WSL Future of Health Event

Rumors of Walmart’s decline exaggerated

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A recent story on Time.com that appears under the headline "This Is Why Amazon Is Dominating Walmart Now" paints an unflattering portrait of the world’s largest retailer.

A recent story on Time.com that appears under the headline "This Is Why Amazon Is Dominating Walmart Now" paints an unflattering portrait of the world’s largest retailer.

It argues that it is mired in business as usual while its Web-based rival is busy sowing the seeds for continued growth and future success in new ventures, many of which extend beyond retailing.

The rise of Amazon has truly been phenomenal. As the Time.com article points out, the sales gap between the two companies has narrowed considerably, with Walmart’s 16-fold advantage in 2012 reduced by two-thirds. But it should be remembered that rapid growth is not unusual for an innovative business model that is well executed, something Walmart knows from its own ­experience.

The piece goes on to laud Amazon for reinvesting a substantial portion of its revenue in building the business. Walmart, by contrast, is characterized as having to devote billions of dollars to dividends and stock buybacks in order to keep shareholders from selling. The stage of development at which each of the companies finds itself needs to be kept in mind. Amazon is just over 20 years old and is in its prime growth phase, one where investors are willing to defer potential dividends to fuel that expansion, a situation that won’t last forever. Walmart is a mature business whose shareholders expect a fair return.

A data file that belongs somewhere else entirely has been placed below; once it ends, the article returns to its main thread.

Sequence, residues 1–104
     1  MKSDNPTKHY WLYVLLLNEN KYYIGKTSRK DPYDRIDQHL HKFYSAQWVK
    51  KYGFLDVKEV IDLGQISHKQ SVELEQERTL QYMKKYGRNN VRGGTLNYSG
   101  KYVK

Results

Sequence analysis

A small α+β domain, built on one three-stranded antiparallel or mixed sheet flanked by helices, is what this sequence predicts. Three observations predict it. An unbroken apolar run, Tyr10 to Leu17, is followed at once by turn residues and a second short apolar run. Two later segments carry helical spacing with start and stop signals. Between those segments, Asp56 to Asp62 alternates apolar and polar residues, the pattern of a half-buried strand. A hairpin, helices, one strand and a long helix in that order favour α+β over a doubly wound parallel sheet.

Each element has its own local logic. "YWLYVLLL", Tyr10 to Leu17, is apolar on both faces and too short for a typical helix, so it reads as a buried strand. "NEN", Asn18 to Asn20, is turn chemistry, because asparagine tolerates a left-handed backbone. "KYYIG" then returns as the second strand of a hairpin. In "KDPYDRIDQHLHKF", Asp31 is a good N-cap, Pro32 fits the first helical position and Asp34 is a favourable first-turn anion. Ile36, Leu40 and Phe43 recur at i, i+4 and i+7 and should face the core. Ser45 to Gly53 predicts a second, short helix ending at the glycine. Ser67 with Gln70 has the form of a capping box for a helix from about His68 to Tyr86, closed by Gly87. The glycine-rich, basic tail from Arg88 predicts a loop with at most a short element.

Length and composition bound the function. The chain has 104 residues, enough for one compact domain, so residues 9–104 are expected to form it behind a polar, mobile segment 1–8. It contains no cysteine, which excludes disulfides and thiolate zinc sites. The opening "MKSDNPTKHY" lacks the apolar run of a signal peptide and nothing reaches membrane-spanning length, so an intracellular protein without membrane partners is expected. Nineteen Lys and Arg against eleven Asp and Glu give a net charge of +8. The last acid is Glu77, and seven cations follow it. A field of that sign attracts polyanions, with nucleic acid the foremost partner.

That’s not to say that Walmart doesn’t have issues that it needs to address. Sales gains, particularly on a comparable-store basis, have been hard to come by of late, and the company’s e-commerce presence will need a lot of enhancement before it rivals Walmart’s clout in brick-and-mortar retailing.

Management at Walmart is well aware of those shortcomings and has developed a sound strategy to deal with them. The challenge is to implement the program in a timely manner across more than 10,000 stores in 27 countries and an e-commerce platform. It’s no easy task to alter the direction of a ship that size (one has to add the sales of the six next biggest U.S.-based retailers, including Amazon, to eclipse Walmart) but the process is well under way.

If Walmart can achieve its objective of delivering a seamless omnichannel experience and reinforce its traditional commitment to price leadership, it will be a long time before Amazon or anyone else overtakes it.


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